• Better to Die than Be Killed: They smash up their eggs so they can't be used as farm income.
  • "Shaggy Dog" Story: Why they joined the revolution and it ends with them smashing up their eggs, leaving them without their babies anyhow


An old goat and one of the few animals who can read (or spell)
  • Blind Mistake: Downplayed. Her eyesight isn't great, however, in spite of it, she does notice something off with the board of Animalism Commandments, it's just that she can't read what it is.
  • Greater Need Than Mine: In the 1999 film, she wouldn't free herself to get food, however, when she sees her friends almost getting attacked, she breaks free to warn them

The Cat

A cat who lived on the farm
  • Adapted Out: She's not seen in the 1999 film.
  • Cats Are Lazy: Unlike the animals, she doesn't seem to do any actual work and spends a lot of time doing whatever, whatever "whatever" so happens to be away from the farm. Likewise, she doesn't participate in the politics of the farm and the one time she did vote she voted on both sides.
  • Death by Adaptation: In the 1954 animated film, she's executed alongside some other other animals
  • Easily Forgiven: For her laziness, as she, quote, "purred so affectionately that it was impossible not to believe in her good intentions".
  • Screw This, I'm Out of Here!: At some point, she leaves the farm. Before that, she spent much of her time away from the farm post-revolution.

The Gander

A gander that lived on the farm


Farmer Jones

The original owner of Manor Farm. His incompetence, inebriation, and cruelty drove his animals to drive him off the farm.
  • The Alcoholic: One of the reasons the animals turned against him. In the 1999 film, he's shown abusing Boxer while drunk.
  • Alcohol-Induced Idiocy: The animated movie implies that he accidentally kills himself by staying in the exploding windmill in a drunken stupor.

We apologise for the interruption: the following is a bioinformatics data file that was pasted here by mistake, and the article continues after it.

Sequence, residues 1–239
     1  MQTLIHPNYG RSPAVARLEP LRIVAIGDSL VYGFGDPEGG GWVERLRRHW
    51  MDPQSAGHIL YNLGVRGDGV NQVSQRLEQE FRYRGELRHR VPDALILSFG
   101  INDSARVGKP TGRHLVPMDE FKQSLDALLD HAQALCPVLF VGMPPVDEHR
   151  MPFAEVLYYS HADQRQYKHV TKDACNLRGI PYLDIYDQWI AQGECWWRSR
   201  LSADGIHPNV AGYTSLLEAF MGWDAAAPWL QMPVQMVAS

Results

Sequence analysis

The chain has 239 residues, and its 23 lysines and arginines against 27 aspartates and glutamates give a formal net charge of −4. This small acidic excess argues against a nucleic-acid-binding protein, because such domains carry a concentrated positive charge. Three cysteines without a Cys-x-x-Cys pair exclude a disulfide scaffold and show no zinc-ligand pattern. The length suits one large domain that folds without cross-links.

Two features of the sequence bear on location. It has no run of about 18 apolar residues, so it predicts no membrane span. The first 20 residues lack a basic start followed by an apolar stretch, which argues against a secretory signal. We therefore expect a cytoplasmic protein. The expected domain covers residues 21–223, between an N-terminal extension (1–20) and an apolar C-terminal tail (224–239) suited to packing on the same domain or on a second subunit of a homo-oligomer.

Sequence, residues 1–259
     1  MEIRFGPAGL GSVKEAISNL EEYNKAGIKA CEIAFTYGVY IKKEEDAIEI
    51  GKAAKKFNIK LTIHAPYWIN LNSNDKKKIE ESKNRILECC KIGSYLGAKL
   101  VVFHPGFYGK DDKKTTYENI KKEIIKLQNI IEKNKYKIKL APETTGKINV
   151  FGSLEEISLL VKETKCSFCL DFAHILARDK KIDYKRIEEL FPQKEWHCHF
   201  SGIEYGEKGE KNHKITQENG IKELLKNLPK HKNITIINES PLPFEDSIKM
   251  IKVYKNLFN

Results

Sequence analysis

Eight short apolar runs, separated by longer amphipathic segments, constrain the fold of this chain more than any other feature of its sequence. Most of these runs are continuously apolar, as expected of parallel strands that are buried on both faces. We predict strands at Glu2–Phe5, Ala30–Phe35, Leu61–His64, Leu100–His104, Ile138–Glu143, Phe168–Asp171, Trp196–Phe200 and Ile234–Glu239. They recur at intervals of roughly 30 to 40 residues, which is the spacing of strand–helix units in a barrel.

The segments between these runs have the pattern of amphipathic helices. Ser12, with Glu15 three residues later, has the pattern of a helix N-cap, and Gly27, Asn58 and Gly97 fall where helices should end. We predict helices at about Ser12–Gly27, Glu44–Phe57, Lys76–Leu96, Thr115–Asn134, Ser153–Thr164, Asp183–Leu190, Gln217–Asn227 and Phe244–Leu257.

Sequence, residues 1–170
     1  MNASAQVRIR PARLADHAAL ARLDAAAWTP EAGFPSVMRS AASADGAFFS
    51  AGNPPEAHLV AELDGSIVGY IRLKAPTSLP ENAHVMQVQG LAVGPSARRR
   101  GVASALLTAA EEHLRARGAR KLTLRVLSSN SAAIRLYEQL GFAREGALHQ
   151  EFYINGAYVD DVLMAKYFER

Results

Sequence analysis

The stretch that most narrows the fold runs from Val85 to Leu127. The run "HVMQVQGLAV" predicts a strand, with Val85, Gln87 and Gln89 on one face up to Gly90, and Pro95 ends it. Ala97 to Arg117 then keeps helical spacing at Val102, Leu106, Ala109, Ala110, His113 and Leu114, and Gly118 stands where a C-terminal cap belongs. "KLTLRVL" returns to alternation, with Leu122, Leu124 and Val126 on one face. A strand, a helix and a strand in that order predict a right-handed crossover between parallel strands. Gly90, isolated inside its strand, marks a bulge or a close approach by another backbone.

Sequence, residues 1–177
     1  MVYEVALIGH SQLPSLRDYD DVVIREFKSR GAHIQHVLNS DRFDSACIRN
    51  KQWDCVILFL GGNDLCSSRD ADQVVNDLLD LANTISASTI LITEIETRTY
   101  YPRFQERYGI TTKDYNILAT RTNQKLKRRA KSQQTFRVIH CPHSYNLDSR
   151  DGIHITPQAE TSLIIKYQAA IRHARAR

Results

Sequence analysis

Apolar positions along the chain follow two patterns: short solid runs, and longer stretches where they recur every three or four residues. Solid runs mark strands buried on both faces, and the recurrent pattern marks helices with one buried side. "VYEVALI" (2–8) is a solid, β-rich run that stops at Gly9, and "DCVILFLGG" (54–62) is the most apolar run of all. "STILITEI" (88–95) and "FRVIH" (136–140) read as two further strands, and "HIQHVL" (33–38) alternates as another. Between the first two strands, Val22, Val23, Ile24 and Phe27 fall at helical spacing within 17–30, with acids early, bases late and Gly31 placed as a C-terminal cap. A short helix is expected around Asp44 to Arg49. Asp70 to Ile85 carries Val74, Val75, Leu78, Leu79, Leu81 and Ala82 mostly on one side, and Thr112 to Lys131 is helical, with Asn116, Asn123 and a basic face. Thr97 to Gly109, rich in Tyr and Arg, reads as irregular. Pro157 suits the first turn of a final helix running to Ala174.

• Character Death: Dies at a rehab center years after being driven off the farm.
    • In the animated film, it is strongly suggested that he blows himself up along with the windmill while drunk.
  • Death by Adaptation: In the animated movie, he's all but stated to die in the windmill's explosion. While he does die in the book, it doesn't happen until years later, when he passes away in a rehab facility.
  • Dies Differently in Adaptation: His passes away in a rehab facility in the book. In the movie, he blows himself up when destroying the windmill.
  • Fascist, but Inefficient: Not only is he a cruel taskmaster, he's bad at his job to boot.
  • Freudian Excuse: He was once a prosperous farmer, until a bad lawsuit drove him to the bottle. The live-action film has him facing foreclosure and he's been borrowing money from Mr. Pilkington to stay afloat —- the stress of it all his what drives him to drink.
  • Heavy Sleeper: Dozes off and lets his animals starve.
  • Humans Are Cthulhu: While his MO is pretty normal for a farmer (killing pigs, sending old horses to the knacker, selling his chickens' eggs), for the animals, it makes him into a beast.
  • Lighter and Softer: He's considerably less violent and abrasive in the 1999 film.
  • No Celebrities Were Harmed: He is an allegory for Tsar Nicholas II.
  • Riches to Rags: Again he was a much better farmer in earlier times.
  • Screw This, I'm Out of Here!: He doesn't pull this until after the animals boot him off the farm the second time, however, his wife, when seeing the start of the revolution, leaves immediately.
  • Too Dumb to Live: In the animated movie; instead of fleeing the scene after lighting the dynamite inside the mill, he starts hitting the bottle again moments before the mill is completely destroyed.

Mr. Frederick

The tough, shrewd operator of Pinchfield, a neighboring farm.

Mr. Pilkington

Another neighboring farmer — a gentleman farmer his farm Foxwood is large, but not well-looked after.
  • Lazy Bum: He prefers to spend most of time hunting and fishing rather than farming.
  • No Celebrities Were Harmed: Represents FDR and the rather cynical relationship between the West and USSR.

Mr. Whymper

A solicitor who acts as the go-between for Animal Farm and the outside world.
  • Amoral Attorney: Zig-zagged. He's only took Napoleon as a client for the money, but he's completely oblivious to the horrors of Napoleon's rule.
  • Meaningful Name: "Whymper" to emphasize his subservient nature.
  • No Celebrities Were Harmed: Represents those Westerners who had visited the USSR like George Bernard Shaw.
  • Opportunistic Bastard: He knew that Animal Farm would need a broker before anyone else and the commission would be worth having. The animated film takes this up to eleven by making him a shrewd trader instead, who decides to start trading with Animal Farm after he overhears the local farmers discussing how they'll be all be dead by winter since they have no money to buy supplies.
  • Rags to Riches: At first his practice isn't very large. By the end he's able to upgrade from a bicycle to a dogcart.

How well does it match the trope?

Example of:


Media sources: